It’s clear that we talk about culture in order to not talk about the economy. This, for me, is the tragedy of the leftist politics from the 1970s and 1980s. We still have strikes, but basically leftist politics has become cultural politics. Of course, we should not simply return to pure economics. But, on the other hand, as many philosophers and even economists argue, today’s capitalism is becoming more and more what one may conditionally call (it is a tricky term, I know) cultural capitalism.

To use the most stupid everyday example: when you wear stone-washed jeans with cuts in the knee, you are attempting to make a certain statement. We do not buy products simply to satisfy our needs, even if these needs are imaginary. We literally define ourselves through the commodities we buy – we define our identity by buying what we buy. A Russian friend once gave me a great example from way back in the 1990s, when the situation there was much more coercive. Ordinary women, not all of them, but those who consider themselves sexually attractive, would try to wear dresses or make-up that we would have identified with prostitutes. But real prostitutes dressed in grey suits to appear more educated, like businesswomen. So there was this wonderful deviation – you recognise a prostitute when she appears as a businesswoman, but when a prostitute looks like a prostitute, she is definitely not a prostitute.

This cultural dimension of capitalism is getting incredibly important. I think the problem behind it, and this is underestimated by rational, enlightened, anti-passionate social democrats like Habermas, is the sheer libidinal sense of belonging. We want to belong and we define our belonging through what we do. I have a sense of belonging but it is an incredibly material force. The strength of this belonging is precisely the result of a global market economy, because a global market economy disintegrates the traditional bonds which would have once provided a sense of belonging. You need to satisfy this need for belonging – then you need other ways of belonging, which are not really a return to tradition.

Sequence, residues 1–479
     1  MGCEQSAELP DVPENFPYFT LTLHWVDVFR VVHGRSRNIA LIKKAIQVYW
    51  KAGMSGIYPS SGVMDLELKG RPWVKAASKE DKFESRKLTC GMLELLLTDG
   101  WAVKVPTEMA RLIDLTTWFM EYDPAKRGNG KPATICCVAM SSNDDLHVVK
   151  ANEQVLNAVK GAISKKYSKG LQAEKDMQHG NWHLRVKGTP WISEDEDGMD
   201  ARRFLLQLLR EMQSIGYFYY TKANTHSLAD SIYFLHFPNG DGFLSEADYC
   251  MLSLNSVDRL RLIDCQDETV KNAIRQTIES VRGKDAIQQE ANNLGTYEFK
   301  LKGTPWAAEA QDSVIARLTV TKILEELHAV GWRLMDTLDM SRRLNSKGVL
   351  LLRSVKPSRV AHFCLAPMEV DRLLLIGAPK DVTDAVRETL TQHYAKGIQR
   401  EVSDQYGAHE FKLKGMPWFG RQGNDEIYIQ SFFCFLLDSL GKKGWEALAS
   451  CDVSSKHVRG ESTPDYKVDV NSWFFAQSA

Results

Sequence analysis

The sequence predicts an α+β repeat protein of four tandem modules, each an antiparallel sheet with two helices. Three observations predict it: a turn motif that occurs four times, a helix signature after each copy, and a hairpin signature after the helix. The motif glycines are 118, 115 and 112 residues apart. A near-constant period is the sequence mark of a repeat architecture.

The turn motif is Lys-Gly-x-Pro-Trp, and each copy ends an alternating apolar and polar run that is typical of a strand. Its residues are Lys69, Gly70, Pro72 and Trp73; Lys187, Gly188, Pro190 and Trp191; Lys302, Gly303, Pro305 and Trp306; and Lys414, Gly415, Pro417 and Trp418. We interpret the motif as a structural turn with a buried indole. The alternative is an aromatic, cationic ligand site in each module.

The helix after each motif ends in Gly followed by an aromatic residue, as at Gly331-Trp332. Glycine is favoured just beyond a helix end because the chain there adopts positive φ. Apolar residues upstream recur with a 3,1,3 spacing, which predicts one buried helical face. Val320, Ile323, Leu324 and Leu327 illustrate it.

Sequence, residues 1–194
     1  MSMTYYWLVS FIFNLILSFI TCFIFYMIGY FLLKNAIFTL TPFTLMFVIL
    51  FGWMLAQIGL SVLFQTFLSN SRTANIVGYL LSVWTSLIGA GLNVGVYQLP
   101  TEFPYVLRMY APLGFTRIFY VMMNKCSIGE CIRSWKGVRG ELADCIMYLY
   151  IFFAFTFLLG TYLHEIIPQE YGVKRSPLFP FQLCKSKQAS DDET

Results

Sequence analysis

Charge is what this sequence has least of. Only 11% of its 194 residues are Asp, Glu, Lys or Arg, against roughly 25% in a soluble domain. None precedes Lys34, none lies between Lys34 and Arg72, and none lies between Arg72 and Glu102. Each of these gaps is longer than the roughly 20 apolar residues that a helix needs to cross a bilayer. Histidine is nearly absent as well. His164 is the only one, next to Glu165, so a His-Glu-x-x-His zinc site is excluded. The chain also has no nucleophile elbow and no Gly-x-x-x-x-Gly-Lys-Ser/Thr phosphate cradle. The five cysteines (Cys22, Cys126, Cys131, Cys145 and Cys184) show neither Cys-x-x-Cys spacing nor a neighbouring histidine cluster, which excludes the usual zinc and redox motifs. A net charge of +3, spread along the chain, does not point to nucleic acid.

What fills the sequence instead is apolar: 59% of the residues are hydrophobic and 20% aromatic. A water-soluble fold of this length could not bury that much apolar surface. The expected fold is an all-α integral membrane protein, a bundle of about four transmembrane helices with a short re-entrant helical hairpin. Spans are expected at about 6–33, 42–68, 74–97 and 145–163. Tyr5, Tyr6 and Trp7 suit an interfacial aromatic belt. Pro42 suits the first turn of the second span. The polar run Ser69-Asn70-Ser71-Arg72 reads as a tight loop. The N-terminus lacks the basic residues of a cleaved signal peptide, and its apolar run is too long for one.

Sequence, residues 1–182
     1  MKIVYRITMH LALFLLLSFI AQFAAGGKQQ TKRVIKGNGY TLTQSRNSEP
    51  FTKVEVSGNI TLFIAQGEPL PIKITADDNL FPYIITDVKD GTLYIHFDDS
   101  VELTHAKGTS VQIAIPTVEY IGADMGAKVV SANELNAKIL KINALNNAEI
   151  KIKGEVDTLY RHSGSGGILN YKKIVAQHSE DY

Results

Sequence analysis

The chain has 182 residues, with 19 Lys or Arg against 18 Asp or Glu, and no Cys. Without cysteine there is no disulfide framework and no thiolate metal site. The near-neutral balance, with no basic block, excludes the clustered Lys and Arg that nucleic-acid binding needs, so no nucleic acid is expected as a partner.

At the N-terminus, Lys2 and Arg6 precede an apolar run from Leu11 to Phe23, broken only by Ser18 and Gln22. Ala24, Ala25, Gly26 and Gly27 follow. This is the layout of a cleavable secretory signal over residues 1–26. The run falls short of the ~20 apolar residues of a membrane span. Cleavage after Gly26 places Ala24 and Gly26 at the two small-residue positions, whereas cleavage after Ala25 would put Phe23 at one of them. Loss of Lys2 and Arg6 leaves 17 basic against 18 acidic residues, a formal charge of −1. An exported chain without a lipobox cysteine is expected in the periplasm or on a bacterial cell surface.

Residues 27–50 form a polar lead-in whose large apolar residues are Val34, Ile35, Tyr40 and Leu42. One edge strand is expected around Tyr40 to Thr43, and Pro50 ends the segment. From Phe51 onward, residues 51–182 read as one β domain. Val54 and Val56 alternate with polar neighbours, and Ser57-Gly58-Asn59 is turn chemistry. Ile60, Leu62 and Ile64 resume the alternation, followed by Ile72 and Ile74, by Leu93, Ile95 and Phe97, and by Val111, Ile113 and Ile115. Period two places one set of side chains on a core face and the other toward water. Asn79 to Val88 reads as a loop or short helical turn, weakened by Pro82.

So, if we look at all these fundamentalist movements, from Poland to Boko Haram to ISIS, I think they are the paradox: traditional content but in postmodern form. I spoke to some people from Nigeria who told me that Boko Haram appears to be purely fundamentalist traditionalist. But in the way they are organised, they are ultra-modern, flexible, like a revolutionary organisation. So it is an incredible tension between form and content. Even in the US, christian fundamentalism is a fake – it’s not really fundamentalism. It’s a big ego trip. They are already a part of the modern culture of self-promotion.

Whelan: Identity politics, and the war on sexism, racism, homophobia, and so on, doesn’t seem to apply to refugees if they’re homophobic or racist. Is this because Westerners are unwilling to treat migrants on the same intellectual level as themselves?

Zizek: I am a pessimist in this regard. I agree with you about the limit of identity politics. I am especially sceptical of it, and here I follow Gilles Deleuze, who said it is absolutely crucial to maintain a link with universality. The true danger comes with the reasoning that only a lesbian single mother can understand what it means to be a lesbian single mother, or that only a gay man can understand what it means to be gay. I think such a view, such an undermining of universality, is catastrophic. I see no emancipatory potential in relying on, or referring to, your own particular identity as beyond criticism, as an unquestionable identity.

Our innermost attitudes are something we learn, but they can also be changed. We must never forget that